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10/10/2011: "A CicLAvia Sampler"
Yesterday, Los Angeles liberated 10 miles of streets from Boyle Heights, South Los Angeles, and the Plaza to East Hollywood--by keeping cars out for five hours and making room for self-reliant residents to travel, play, and shop on their own power.

CicLAvia, LA's johnny-come-lately take on the ciclovías that Bogotá pioneered forty years ago, began only in October of last year. Yet it burgeoned into an instant success, with streets crowded by tens of thousands of cyclists, walkers, rollerskaters, and more in its first iteration, and drawing more and more participants--into the six figures--in April and October of this year.

Old and young, fat and thin, every race, every gender...hordes of happy people pedaling along free from the dread of being mowed down by oblivious motorists....

What this really shows is how much people want to bicycle on LA's, and how much our city's traffic policies restrict the population's freedom of choice in transportation. Ironically, this freedom, if allowed to be exercised, would result in huge savings to the city--bikes require far less room to operate and park than do cars, and don't wear out streets. Public health savings have also been shown to be considerable in cultures where cycling is prevalent.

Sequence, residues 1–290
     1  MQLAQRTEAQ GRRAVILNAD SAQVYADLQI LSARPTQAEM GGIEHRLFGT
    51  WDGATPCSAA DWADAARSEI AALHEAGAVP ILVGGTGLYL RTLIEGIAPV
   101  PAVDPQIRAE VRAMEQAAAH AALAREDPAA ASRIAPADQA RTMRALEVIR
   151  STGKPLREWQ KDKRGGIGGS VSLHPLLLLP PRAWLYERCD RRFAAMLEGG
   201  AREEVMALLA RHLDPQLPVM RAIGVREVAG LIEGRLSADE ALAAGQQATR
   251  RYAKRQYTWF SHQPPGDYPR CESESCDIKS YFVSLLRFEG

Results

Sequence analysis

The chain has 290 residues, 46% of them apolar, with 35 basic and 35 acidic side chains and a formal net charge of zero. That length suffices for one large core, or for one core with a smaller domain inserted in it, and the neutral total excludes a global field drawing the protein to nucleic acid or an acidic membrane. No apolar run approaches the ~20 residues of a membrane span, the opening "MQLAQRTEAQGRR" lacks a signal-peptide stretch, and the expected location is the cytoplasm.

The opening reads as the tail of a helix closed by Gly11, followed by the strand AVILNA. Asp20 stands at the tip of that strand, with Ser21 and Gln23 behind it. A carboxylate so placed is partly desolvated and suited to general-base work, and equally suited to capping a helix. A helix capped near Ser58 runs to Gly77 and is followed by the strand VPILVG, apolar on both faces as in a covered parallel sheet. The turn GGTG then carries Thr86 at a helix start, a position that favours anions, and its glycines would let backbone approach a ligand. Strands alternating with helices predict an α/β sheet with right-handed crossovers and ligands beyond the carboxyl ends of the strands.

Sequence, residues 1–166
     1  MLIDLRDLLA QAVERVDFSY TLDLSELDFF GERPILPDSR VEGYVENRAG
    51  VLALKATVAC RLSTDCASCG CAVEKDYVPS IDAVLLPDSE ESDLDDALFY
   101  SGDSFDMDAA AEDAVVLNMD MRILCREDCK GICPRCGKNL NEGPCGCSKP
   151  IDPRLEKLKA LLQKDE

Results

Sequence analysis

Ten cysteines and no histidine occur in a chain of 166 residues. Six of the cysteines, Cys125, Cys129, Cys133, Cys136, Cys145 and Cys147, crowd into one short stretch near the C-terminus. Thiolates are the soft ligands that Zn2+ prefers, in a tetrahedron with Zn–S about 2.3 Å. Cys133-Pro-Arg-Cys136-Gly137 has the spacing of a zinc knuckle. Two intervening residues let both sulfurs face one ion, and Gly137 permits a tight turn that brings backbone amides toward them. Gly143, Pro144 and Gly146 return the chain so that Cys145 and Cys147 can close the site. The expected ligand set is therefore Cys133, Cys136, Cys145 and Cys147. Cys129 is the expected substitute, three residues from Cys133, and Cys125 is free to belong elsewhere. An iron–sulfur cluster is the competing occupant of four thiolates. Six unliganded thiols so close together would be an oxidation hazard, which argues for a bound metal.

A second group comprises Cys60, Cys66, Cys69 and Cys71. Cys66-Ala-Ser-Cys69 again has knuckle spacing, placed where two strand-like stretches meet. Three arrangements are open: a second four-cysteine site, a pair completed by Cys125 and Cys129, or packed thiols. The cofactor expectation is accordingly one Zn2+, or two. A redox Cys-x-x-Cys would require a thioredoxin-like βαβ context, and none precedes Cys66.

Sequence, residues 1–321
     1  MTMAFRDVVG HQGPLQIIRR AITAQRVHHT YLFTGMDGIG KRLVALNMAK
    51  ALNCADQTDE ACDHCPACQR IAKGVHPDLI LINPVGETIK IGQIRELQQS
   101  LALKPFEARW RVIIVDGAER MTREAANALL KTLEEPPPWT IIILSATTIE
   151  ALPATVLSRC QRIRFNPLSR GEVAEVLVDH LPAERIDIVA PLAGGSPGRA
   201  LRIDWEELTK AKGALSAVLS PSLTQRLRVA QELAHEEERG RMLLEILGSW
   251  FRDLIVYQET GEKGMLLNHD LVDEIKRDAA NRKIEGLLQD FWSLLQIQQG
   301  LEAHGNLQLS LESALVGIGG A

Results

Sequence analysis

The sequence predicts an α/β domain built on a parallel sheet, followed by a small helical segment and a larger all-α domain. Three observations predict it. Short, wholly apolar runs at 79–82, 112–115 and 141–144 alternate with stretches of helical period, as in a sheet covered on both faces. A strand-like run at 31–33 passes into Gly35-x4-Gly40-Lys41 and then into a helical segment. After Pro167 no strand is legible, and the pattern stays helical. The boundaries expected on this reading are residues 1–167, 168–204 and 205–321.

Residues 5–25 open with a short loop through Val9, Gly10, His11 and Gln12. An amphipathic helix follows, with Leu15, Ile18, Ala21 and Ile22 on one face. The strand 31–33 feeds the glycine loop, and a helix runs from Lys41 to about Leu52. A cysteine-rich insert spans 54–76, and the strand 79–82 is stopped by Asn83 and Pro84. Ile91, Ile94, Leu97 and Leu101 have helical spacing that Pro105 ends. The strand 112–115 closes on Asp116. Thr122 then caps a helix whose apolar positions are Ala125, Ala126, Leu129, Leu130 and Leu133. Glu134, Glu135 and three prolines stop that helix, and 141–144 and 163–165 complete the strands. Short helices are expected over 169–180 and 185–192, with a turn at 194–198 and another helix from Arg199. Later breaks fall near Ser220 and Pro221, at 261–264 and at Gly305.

Indeed, what CicLAvia shows is that we should have streets dedicated to bicycles only, streets connecting residential neighborhoods with employment and shopping areas, bikeways forming a comprehensive access network that will free our city's people from the structural mandate to drive a car.

Fewer people will then be compelled to own cars, and they can spend the money they save on local businesses that provide healthy, local employment--as CicLAvia riders were doing in great throngs, in crowded restaurants and shops along the route.

You'll see a few small samples of that festive freedom in the pictures below....

So how about it, City of Los Angeles? The people want it, demand is there...where is our network of bikeways? After all, we have miles of wide, oppressive car-only streets called "freeways" fragmenting our city. For the cost of one mile of urban four-lane freeway, we could build close to 300 miles of bikeways--as Portland has done.

And it's about time we did.

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